Family Practitioners’ Management of Older Patients with New-onset Dizziness
DOI: 10.3238/zfa.2011.0445german translation / full article
Background: Dizziness is one of the frequent complaints of older patients in primary care. In view of the diversity of possible aetiologies it was the aim of our study to analyse family practitioners’ (FPs’) diagnostic and therapeutic strategies in older patients with incident dizziness specifically.
Methods: Participants (n = 69, ? 65 years) complaining about new-onset dizziness present for less than 6 months were consecutively registered in 21 primary care practices. 6 months after the first consultation chart reviews and standardised face-to-face interviews with the FPs were performed to assess and descriptively analyse their management decisions.
Results: Most of the FPs performed cardiological and neurological examinations including the vestibular system. However, they left out tests for orthostatic dizziness and the Dix-Hallpike manoeuvre for benign paroxysmal positional vertigo (BPPV). A proportion of 44% of the patients were prescribed a specific drug for dizziness, other therapeutical interventions like physiotherapy were less frequently recommended. Only 1 of 8 patients suffering from BPPV was educated about the Epley manoeuvre.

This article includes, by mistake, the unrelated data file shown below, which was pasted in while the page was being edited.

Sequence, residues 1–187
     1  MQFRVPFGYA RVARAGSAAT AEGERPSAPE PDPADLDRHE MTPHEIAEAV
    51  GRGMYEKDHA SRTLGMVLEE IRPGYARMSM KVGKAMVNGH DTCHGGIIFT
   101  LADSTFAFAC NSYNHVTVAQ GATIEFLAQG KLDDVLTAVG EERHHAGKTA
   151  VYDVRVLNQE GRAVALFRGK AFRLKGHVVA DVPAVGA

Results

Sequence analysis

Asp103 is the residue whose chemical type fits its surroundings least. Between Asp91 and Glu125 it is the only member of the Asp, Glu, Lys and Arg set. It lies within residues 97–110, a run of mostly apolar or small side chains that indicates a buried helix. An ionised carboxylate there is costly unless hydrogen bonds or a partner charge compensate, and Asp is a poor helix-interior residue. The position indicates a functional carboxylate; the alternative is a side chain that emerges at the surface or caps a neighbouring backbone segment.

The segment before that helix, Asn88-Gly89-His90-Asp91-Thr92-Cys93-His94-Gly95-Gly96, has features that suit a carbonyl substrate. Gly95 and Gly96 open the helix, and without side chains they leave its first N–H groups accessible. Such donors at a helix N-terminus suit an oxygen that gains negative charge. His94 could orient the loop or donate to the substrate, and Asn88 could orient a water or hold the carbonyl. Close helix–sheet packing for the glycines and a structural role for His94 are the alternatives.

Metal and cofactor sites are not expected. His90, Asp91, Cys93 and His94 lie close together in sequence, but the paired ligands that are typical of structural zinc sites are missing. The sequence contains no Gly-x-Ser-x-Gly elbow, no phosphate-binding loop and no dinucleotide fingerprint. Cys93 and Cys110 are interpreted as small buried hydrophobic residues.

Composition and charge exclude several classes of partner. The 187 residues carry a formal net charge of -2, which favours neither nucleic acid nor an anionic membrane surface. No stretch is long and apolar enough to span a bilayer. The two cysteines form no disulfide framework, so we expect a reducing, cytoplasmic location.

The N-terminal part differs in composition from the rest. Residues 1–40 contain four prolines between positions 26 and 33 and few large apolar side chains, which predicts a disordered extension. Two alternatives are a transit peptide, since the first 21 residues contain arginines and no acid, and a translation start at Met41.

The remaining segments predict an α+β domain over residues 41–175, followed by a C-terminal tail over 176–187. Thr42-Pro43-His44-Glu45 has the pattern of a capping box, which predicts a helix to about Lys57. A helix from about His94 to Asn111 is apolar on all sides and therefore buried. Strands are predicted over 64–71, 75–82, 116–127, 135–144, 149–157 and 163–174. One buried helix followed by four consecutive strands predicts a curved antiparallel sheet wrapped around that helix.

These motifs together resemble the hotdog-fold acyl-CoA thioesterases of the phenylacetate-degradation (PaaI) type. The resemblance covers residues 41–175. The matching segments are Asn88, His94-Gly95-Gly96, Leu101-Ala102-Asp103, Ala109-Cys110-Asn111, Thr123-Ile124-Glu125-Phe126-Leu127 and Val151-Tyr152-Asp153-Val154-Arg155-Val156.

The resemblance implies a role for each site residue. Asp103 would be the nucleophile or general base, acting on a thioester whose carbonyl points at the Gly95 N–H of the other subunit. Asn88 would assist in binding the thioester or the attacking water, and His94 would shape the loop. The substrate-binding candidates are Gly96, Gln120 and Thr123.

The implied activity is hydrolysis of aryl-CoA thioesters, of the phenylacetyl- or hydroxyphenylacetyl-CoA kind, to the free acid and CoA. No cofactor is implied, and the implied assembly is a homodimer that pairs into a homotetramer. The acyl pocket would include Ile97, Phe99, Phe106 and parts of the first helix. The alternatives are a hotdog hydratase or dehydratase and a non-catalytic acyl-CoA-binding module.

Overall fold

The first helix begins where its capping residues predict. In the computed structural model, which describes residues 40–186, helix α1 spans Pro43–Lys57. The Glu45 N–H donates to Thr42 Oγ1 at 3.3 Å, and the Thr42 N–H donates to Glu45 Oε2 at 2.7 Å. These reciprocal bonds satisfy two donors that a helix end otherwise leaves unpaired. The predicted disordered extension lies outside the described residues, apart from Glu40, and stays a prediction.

Conclusion: Particularly with regard to the underestimated prevalence of BPPV in older patients, FPs should attach more importance to the examination of the vestibular system and to patient education about the therapeutically effective Epley (or: Semont) manoeuvre. Optimal diagnostic strategies in primary care and alternatives to pharmacotherapy concerning incident dizziness merit further investigation.